Hyperscale computing

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In computing, hyperscale is the ability of an architecture to scale appropriately as increased demand is added to the system. This typically involves the ability to seamlessly provision and add compute, memory, networking, and storage resources to a given node or set of nodes that make up a larger computing, distributed computing, or grid computing environment. Hyperscale computing is necessary in order to build a robust and scalable cloud, big data, map reduce, or distributed storage system and is often associated with the infrastructure required to run large distributed sites such as Facebook[1], Google[2], Microsoft[3], Amazon[4][5], or Oracle[6]. Companies like Ericsson, Advanced Micro Devices and Intel provide hyperscale infrastructure kits for IT service providers.[7]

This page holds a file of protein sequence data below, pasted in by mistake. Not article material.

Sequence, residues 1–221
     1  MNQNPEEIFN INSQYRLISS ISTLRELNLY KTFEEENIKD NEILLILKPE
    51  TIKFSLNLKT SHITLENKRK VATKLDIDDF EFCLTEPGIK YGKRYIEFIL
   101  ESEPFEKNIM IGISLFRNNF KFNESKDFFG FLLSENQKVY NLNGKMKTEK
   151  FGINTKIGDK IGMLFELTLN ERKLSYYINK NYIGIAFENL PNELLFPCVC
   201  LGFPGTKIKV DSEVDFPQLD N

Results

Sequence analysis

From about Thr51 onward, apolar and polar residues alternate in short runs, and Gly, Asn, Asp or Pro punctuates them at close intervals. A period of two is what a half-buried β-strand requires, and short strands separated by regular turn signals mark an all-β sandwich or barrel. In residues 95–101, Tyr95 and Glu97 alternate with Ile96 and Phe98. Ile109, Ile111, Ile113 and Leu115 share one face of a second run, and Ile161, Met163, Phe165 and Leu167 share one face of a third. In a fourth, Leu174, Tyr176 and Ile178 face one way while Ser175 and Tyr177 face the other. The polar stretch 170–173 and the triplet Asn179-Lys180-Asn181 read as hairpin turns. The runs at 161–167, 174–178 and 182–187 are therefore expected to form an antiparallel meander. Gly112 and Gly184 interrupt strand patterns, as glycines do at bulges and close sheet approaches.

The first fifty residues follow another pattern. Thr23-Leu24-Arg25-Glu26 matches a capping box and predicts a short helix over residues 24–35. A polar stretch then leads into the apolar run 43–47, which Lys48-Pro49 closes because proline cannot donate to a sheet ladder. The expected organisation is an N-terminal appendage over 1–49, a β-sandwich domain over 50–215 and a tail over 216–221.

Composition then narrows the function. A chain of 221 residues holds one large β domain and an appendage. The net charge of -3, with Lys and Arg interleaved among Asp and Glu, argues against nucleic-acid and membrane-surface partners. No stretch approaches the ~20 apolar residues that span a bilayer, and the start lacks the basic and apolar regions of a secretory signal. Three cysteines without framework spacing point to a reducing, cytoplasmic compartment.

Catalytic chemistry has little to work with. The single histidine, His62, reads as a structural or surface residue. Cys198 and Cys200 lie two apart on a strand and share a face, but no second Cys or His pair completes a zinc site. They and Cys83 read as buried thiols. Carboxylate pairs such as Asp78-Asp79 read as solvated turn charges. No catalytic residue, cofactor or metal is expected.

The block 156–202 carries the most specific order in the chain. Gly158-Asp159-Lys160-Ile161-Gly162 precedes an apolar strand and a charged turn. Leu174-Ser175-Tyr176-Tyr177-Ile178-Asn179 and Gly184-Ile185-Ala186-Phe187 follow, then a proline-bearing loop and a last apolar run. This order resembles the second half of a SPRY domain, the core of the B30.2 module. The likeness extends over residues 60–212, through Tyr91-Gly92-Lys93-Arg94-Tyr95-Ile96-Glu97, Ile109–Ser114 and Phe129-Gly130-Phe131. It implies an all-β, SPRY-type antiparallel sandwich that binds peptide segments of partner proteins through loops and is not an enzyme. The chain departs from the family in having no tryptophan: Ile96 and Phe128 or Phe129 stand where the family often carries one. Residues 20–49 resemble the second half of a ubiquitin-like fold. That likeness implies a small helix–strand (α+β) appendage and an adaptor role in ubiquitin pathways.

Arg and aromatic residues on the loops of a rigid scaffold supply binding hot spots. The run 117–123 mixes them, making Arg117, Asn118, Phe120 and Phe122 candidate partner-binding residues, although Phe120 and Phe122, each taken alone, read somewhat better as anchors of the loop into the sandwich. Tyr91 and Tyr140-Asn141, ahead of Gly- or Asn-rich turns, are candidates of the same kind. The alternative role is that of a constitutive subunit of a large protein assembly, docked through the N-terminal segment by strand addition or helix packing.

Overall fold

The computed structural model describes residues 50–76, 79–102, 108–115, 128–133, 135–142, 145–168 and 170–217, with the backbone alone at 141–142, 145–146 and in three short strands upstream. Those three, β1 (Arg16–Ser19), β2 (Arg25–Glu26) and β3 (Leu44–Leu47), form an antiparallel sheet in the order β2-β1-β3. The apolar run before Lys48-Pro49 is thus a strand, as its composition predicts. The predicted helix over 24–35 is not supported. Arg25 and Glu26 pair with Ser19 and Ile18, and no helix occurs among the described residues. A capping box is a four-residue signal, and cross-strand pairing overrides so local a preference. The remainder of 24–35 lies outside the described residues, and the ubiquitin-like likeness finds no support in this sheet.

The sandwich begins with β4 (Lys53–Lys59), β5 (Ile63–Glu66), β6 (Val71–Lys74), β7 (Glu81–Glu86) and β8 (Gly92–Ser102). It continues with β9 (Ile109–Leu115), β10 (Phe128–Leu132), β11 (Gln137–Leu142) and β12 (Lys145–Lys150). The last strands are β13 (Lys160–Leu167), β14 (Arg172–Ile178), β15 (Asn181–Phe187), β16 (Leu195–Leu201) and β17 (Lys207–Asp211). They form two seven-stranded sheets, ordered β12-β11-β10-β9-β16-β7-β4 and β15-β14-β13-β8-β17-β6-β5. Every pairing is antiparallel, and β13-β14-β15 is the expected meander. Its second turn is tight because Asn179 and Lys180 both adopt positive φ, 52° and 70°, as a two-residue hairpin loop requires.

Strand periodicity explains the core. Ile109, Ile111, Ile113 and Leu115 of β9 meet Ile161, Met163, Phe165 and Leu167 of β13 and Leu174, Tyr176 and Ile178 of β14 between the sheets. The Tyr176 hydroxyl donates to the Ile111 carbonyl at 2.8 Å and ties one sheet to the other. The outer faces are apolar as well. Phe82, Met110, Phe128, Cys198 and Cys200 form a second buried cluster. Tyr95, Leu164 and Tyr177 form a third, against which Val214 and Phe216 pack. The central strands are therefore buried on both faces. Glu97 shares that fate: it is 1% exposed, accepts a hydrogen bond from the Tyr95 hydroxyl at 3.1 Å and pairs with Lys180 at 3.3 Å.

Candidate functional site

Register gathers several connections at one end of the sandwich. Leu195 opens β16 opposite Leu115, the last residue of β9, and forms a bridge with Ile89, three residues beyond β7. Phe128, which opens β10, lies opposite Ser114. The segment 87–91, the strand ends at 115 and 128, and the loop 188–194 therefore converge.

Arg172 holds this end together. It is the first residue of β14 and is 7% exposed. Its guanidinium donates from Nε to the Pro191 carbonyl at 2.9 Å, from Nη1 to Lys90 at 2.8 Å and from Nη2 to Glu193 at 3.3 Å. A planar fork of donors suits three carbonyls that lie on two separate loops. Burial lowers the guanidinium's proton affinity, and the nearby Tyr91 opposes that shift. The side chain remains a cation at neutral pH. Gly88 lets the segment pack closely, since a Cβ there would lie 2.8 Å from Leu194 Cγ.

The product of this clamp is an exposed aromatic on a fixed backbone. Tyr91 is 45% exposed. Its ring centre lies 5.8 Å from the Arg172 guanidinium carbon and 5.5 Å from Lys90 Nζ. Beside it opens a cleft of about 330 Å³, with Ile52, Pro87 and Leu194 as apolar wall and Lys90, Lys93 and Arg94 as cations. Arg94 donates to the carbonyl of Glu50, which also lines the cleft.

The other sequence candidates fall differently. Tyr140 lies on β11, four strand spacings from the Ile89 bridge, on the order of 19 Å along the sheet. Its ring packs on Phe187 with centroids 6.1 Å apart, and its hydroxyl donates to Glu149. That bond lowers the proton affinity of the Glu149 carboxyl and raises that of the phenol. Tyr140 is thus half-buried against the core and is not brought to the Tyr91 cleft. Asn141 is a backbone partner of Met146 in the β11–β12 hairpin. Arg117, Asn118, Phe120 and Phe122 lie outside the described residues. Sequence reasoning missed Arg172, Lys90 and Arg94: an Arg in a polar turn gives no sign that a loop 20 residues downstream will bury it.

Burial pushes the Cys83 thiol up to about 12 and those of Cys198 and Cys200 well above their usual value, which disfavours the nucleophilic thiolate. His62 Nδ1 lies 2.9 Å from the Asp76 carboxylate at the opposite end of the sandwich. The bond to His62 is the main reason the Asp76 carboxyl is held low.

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References[edit]

  1. ^ Miller, Rich. "A Hyper-Scale Cloud Data Center, Seen From the Clouds". Data Center Knowledge.
  2. ^ "Google Data Centers". Google.
  3. ^ "Microsoft Expands Its Hyperscale Cloud Footprint". eweek.com.
  4. ^ Furrier, John. "Fusion-io Launched New Hyperscale Flash Product to Scale Data Centers for Enterprises, Not Just Facebook". Silicon Angle.
  5. ^ Rouse, Margaret. "Definition: Hyperscale Computing". TechTarget.
  6. ^ "Data Management | Oracle Cloud". cloud.oracle.com. Retrieved 2018-07-11.
  7. ^ http://www.datacenterdynamics.com/content-tracks/servers-storage/ericsson-to-sell-intels-hyperscale-kit-to-network-operators/93484.fullarticle

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